Djokovic admits attending interview while Covid positive
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The Australian Prime Minister has spoken out after Novak Djokovic had his visa revoked for a second time by the Immigration Minister on Friday. Scott Morrison threw his support behind Alex Hawke’s decision to revoke the world No 1’s visa “on health and good order grounds” and “in the public interest”. Djokovic is now expected to attend an interview with immigration on Saturday before being deported, unless his lawyers appeal the decision.
Djokovic initially had his visa cancelled when arriving in Melbourne last week, but won an appeal to have it reinstated on the grounds of “procedural fairness” after the government conceded they failed to give the Serb enough time to prove his medical exemption.
It meant the world No 1 was able to freely enter Melbourne after spending the weekend in a detention hotel, but Immigration Minister Alex Hawke still had personal powers to cancel his visa for a second time, and exercised these on Friday.
After days of consideration, Djokovic’s legal team were verbally informed of the decision to cancel his visa at 5:35pm Melbourne time, and given the decision in writing at 6:03pm, shortly after it was announced publicly.
Mr Hawke said he made the decision “on health and good order grounds, on the basis that it was in the public interest to do so,” and said he “carefully considered information provided to me by the Department of Home Affairs, the Australian Border Force and Mr Djokovic.”
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The Prime Minister has now commented on Mr Hawke’s decision, and thrown his support behind deporting the nine-time Australian Open champion.
“I note the Minister for Immigration’s decision in relation to Mr Novak Djokovic’s visa.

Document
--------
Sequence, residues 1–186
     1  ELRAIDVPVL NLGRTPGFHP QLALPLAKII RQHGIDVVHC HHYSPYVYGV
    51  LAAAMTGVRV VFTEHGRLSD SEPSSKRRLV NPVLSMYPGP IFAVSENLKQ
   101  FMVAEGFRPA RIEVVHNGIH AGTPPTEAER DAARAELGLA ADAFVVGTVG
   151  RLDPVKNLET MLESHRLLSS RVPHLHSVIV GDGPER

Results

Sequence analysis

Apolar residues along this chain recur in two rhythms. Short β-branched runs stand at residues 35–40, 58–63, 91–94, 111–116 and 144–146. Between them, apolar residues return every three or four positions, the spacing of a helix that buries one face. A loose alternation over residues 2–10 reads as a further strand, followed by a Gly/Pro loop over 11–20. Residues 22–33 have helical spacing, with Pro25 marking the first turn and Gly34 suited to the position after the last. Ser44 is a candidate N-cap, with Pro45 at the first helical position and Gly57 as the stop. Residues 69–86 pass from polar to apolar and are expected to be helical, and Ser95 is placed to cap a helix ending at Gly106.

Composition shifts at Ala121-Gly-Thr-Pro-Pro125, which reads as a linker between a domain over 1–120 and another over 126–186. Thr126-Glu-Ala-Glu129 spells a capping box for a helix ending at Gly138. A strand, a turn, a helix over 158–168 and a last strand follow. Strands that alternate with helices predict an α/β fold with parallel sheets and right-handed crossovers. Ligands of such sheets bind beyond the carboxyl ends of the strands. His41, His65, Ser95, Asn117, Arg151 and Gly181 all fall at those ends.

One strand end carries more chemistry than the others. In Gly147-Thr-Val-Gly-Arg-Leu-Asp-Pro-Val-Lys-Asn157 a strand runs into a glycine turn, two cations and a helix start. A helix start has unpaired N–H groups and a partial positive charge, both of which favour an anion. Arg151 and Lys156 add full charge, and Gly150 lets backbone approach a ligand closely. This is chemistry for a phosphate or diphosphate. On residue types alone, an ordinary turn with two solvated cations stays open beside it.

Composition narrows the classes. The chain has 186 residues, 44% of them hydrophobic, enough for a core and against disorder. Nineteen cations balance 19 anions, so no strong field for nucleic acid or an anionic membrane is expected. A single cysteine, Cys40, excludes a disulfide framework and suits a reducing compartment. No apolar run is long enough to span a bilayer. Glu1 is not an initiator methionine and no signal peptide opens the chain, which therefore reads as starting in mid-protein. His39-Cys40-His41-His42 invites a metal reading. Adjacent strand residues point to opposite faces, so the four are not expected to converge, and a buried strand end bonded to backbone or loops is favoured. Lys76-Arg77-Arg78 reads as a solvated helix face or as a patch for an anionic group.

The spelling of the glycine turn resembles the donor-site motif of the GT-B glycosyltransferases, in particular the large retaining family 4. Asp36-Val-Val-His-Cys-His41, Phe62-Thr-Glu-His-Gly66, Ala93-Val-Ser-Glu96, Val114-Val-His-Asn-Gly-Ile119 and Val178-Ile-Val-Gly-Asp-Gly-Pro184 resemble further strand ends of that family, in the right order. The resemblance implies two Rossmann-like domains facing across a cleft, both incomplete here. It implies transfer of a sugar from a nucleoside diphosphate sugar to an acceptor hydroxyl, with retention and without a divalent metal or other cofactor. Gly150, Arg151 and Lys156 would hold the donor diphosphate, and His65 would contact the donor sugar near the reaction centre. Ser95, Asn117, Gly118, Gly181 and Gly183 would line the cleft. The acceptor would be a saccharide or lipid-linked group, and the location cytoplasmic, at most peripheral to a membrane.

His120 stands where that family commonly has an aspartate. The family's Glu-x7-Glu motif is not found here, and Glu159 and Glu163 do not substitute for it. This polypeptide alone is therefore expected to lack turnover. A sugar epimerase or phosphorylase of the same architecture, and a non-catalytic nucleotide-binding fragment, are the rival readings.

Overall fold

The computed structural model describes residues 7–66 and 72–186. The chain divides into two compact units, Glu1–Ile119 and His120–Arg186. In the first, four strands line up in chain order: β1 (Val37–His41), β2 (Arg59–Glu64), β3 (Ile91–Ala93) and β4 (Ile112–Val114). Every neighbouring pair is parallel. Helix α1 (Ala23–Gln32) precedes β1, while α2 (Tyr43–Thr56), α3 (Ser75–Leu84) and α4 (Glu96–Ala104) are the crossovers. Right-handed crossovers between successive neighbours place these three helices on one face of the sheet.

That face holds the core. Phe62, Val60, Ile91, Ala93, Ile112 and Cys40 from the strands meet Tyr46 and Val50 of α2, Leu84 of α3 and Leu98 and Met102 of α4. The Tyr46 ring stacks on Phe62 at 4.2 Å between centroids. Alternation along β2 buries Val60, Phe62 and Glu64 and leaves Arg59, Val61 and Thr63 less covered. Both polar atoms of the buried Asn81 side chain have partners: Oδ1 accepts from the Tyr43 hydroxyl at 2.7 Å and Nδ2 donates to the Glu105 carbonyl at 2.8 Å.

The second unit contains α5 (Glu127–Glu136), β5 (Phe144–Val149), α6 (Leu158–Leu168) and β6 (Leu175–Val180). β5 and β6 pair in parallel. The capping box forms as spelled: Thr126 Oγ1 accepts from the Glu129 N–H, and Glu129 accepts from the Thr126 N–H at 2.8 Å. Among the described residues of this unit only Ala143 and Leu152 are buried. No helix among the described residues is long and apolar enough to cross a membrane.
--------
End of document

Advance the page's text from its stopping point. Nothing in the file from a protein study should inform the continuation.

“I understand that following careful consideration, action has been taken by the Minister to cancel Mr Djokovic’s visa held on health and good order grounds, on the basis that it was in the public interest to do so,” Scott Morrison said on Friday, shortly after it was confirmed Djokovic’s visa has been cancelled.
Explaining the reasoning behind the Immigration Minister’s decision, the PM said sacrifices made by Australian citizens deserved to be “protected” – likely the public interest grounds Mr Hawke referred to in his own statement.
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He continued: “This pandemic has been incredibly difficult for every Australian but we have stuck together and saved lives and livelihoods.
“Together we have achieved one of the lowest death rates, strongest economies and highest vaccination rates, in the world.
“Australians have made many sacrifices during this pandemic, and they rightly expect the result of those sacrifices to be protected. This is what the Minister is doing in taking this action today.”
Djokovic will not need to go into detention on Friday night and has been asked to attend an interview with immigration on Saturday, but his lawyers could appeal the decision and ask for a review.
Scott Morrison admitted in his statement that he expected the Serb’s legal team to appeal, saying he was unable to comment further in anticipation of further proceedings.
“Our strong border protection policies have kept Australians safe, prior to COVID and now during the pandemic,” he added.
“Due to the expected ongoing legal proceedings, I will be not be providing any further comment.”
Our strong border protection policies have kept Australians safe, prior to COVID and now during the pandemic. Due to the expected ongoing legal proceedings, I will be not be providing any further comment.
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